Slacker today revealed that it had struck deals with all four major music labels. The service now gives the company's web radio and upcoming Portable Player access to a much larger catalog of music from EMI, Sony-BMG, Universal, and Warner; smaller independents such as Beggar's Group and Matador Records are also part of the deal, Slacker says. The agreement lets users either stream music directly from the Internet or store it locally on the device's internal hard drive to create personalized radio stations without the need for an active connection.
Headplay has released its namesake Personal Cinema System, a video output visor notable mainly for the range of inputs its base station supports. Aside from composite, S-Video and VGA inputs, it also accepts 802.11g Wi-Fi, allowing connections to Macs and PCs; users can further expand through stereo, Mini USB and two USB 2.0 ports, giving access to media players such as iPods. Should direct connections not be an option, users can insert Compact Flash cards. File formats directly supported include AVI, MP3, QuickTime, MPEG-2/4 and JPEG/JPEG2000.
Linksys, soon to be absorbed completely by Cisco, has nevertheless launched a new line of budget-level products called RangePlus. The core component is the WRT100 Wireless Router (not pictured), a stripped-down device whose primary features are MIMO (Multiple Input Multiple Output) support and a computer-based guide that takes people step-by-step through setting up a network. It also benefits from Wi-Fi Protected Setup, a feature on some certified products that allows two to be linked by pressing a button on each.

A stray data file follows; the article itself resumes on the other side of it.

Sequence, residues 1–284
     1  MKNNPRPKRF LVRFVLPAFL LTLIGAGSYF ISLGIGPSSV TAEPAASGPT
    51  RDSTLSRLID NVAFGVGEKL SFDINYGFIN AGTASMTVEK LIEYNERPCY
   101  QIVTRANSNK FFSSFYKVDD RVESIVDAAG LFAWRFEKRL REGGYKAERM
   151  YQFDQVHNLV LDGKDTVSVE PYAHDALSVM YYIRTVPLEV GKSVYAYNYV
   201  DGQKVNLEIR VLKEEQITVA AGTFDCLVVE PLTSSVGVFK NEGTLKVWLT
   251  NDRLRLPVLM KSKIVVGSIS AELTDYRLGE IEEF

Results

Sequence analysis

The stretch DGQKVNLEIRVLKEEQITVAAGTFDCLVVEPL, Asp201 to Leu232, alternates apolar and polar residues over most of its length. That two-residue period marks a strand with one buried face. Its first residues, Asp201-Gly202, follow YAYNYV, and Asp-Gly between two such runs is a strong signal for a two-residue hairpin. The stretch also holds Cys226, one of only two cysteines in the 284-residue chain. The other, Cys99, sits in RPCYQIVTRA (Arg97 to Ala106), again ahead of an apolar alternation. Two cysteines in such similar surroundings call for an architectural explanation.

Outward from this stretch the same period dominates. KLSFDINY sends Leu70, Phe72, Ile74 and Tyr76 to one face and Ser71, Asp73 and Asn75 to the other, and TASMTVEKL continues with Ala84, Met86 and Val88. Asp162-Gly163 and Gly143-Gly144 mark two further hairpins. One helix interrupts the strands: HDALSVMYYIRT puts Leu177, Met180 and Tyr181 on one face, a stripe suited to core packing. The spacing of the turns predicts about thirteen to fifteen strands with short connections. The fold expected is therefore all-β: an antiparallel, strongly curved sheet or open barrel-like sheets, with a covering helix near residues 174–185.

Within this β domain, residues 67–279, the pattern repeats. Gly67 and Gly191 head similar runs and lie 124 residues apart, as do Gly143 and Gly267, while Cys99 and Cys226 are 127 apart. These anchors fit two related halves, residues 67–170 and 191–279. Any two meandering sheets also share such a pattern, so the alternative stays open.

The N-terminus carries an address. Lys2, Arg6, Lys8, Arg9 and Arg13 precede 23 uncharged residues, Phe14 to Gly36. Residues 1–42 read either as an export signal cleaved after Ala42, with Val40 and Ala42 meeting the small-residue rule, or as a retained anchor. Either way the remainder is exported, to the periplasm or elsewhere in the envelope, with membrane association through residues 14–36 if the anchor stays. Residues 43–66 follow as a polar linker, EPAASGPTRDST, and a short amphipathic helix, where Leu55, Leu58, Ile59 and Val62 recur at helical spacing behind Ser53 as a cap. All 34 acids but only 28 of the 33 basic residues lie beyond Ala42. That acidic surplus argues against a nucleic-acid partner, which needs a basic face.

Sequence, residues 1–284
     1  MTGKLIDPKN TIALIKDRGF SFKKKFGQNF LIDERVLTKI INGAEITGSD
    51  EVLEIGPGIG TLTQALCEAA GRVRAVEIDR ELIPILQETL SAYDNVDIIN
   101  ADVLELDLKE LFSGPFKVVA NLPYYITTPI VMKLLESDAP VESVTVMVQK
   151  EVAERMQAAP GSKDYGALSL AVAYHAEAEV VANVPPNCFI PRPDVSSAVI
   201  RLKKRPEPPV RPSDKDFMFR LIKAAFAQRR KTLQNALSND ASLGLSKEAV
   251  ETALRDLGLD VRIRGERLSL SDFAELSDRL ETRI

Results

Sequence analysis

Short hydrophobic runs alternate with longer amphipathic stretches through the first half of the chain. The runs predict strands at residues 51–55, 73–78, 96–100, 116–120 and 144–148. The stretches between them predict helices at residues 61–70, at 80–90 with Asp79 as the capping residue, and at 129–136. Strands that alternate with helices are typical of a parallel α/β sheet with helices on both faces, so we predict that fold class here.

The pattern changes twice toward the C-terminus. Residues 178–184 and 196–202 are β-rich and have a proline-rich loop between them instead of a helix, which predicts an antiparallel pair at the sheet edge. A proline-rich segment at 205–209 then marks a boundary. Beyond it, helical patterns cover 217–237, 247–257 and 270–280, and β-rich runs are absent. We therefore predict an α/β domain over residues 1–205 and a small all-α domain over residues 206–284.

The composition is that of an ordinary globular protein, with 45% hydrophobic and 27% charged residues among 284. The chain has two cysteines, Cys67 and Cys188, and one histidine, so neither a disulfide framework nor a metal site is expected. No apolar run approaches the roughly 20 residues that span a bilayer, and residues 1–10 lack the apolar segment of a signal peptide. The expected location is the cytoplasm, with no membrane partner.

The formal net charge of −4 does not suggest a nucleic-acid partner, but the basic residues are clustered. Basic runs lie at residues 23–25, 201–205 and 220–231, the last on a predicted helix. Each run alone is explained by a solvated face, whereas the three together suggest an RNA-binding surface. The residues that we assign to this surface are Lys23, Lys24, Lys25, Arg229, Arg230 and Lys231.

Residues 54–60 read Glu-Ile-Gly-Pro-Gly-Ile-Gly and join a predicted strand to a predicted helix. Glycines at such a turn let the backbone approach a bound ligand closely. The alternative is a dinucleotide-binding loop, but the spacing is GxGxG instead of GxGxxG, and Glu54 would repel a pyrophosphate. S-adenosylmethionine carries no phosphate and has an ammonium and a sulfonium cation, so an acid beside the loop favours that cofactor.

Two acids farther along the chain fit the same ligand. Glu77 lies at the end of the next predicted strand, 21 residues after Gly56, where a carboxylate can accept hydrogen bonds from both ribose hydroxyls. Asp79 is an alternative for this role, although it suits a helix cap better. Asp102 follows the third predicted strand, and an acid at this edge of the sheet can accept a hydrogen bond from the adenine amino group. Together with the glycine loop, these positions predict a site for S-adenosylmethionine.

Alienware today claimed to set records by shipping the first portable systems with 320GB notebook drives. The 15.4-inch Area-51 m1550 as well as the 17-inch Aurora m9700 and Area-51 m9750 now all have the option of using Samsung's latest 320GB, 5400RPM mobile disk to pack desktop-like storage. The 17-inch systems also have dual bays and can store up to 640GB. If completely full, this would allow for as many as 107 average games or 163,000 songs, according to Alienware's estimates.